A few weeks ago I finished “Relentless In Pursuit: A Year in the Trenches with Teach for America” by Donna Foote. I began reading this book to research more about Teach for America since I had applied to the program. This book is the record Foote kept of the experiences faced by several TFA corps members during their first year teaching in 2006 at Locke High School in Watts, CA. At this time Locke was one of the lowest ranking schools in California and has some of the highest drop-out rates. Since that time Locke has become a Green Dot charter school so I am not sure how it is preforming currently, but in 2006 it was pretty rough.
I think this book is a great read for anyone that is interested in joining the TFA program. It gives a thorough explanation of how TFA started back in 1990 and how it has evolved through the years. It also shares the trials and tribulations of four TFA corps members trying to get through their first year of teaching in a school where most students didn’t show up and gang violence was an everyday occurrence. Funny enough, I actually finished the book on the day I discovered I was rejected from the TFA program.
Before I even applied to TFA I knew I had several issues with the program, and this book just emphasized those issues. Firstly, the book explains how many of the teachers at Locke High School in 2006 were actually permanent substitutes that were not certified to teach. As a certified teacher that cannot find a job, you can imagine this sends chills down my spine. Secondly, a lot of the difficult issues these first year teachers experienced bothered me. I believe all first year teachers are going to experience issues, so that was not the problem. What disturbed me was I had also dealt with most of their issues during student teaching. These were not new problems. Things like poor class attendance, student disrespect and distant, unreliable parents are universal issues in highly populated urban schools right now, they are not unique to schools like Locke. As these corps members struggled to figure out how to create lessons and deal with the difficulties of first year teaching, they all made mistakes along the way. Once again, this is to be expected for any first year teacher, and I think these corps members did a great job, but it just reemphasized the fact that these kids were no different than me. I had faced these issues student teaching, and I would face these issues again in my first year teaching.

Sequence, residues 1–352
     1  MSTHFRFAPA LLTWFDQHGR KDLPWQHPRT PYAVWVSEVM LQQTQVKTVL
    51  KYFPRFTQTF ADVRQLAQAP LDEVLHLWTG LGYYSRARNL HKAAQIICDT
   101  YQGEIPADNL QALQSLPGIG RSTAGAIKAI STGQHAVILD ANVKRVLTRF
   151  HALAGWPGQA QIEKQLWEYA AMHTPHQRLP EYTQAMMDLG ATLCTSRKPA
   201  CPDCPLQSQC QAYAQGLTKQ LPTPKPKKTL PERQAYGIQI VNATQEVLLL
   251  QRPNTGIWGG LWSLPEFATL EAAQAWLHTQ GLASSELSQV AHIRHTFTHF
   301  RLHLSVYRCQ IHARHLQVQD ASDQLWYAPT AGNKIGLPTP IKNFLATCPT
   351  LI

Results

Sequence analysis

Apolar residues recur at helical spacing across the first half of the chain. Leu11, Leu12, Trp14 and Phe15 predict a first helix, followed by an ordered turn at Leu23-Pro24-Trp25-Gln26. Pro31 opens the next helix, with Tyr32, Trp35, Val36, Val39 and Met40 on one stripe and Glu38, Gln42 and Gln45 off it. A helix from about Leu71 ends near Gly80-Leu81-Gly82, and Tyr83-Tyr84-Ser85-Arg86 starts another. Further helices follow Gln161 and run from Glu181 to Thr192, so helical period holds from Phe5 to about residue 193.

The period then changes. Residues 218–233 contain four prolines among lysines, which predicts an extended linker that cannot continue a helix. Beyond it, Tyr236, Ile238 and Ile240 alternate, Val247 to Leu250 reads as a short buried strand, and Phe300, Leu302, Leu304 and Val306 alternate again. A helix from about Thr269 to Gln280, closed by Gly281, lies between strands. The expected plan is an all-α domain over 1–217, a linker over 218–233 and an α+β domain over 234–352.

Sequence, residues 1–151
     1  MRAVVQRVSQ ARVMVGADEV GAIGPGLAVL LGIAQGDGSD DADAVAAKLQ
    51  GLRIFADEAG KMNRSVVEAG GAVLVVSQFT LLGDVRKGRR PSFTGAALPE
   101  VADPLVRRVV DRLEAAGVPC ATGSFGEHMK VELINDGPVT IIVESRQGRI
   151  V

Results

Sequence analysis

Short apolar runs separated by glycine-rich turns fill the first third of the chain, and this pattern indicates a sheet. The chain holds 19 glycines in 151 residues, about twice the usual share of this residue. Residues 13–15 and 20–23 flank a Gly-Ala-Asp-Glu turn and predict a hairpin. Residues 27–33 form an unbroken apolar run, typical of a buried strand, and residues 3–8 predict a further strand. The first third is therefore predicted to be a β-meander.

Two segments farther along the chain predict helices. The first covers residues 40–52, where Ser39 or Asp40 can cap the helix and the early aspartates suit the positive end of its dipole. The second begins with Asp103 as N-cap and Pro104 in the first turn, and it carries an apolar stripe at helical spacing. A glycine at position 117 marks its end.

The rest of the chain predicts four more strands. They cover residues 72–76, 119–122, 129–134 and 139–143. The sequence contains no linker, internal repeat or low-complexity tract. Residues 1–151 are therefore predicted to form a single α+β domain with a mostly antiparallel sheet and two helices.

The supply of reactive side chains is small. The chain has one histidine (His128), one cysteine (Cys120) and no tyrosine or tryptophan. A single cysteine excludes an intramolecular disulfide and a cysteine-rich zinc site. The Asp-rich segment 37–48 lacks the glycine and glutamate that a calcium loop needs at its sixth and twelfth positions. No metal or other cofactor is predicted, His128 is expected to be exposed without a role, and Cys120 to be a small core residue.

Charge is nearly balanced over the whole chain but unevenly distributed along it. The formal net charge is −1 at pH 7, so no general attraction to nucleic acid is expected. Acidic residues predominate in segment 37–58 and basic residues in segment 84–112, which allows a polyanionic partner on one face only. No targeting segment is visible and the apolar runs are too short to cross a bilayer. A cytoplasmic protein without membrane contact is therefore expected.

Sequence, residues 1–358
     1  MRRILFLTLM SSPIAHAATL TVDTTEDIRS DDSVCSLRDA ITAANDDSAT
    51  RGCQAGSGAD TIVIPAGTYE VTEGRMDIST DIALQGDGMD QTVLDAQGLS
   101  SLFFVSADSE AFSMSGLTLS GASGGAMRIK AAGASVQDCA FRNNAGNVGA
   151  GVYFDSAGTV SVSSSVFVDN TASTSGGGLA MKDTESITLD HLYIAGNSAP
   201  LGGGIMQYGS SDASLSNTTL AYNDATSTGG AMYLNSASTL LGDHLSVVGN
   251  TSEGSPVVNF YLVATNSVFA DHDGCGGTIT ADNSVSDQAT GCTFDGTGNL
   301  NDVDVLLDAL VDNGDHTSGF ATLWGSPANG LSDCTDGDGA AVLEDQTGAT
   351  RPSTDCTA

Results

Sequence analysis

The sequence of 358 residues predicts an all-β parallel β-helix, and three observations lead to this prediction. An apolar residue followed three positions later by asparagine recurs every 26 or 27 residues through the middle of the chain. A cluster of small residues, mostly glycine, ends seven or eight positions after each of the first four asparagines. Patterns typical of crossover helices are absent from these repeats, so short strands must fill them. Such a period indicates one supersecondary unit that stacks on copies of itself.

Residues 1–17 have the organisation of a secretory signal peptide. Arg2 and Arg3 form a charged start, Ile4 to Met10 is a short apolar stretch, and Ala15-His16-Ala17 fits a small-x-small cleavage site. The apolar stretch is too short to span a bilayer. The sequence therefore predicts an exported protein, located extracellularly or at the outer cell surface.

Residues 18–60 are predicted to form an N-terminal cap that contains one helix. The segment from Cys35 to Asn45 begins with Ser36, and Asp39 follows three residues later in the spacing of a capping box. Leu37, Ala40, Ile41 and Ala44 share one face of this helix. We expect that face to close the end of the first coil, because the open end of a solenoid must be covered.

So I suppose my main issue with TFA is this: although the program is one of the most competitive in the country, accepting roughly 2,000 corps members out of over 35,000 applicants, corps members themselves; extremely ambitious, ivy league graduates with a resume filled with leadership positions, look just like me when they start teaching. But unlike me, they will leave TFA in two years, complete with a Master’s degree and a resume of gold.
In addition, the inner city schools that these corps members are teaching in do not just need corps members, they need certified teachers. But the problem is there is no incentive for certified teachers to teach in the Mississippi Delta or Miami. My mother has 10 years of teaching under her belt, a Masters Degree in English and has taught in inner-city Las Vegas schools for the past two years. When she comes back to New York this summer I promise you nobody is going to thank her for the selfless work that she has accomplished there. She will just be another certified English teaching struggling to find a job closer to home in this tough economy.
I think we need to have another type of program that is similar to TFA, but only accepts certified teachers. They will continue to have the support system of TFA corps members, and they will also teach in urban schools and focus on closing the achievement gap. It will work towards getting dedicated, certified teachers in all schools across the country. And most importantly, these teachers will be praised and respected the same was TFA corps members are after their 2 years of service.
I apologize for this rant-type post. Back to my original point: if you have any interest in what TFA is all about I would highly recommend this book. I found in interesting and highly informative.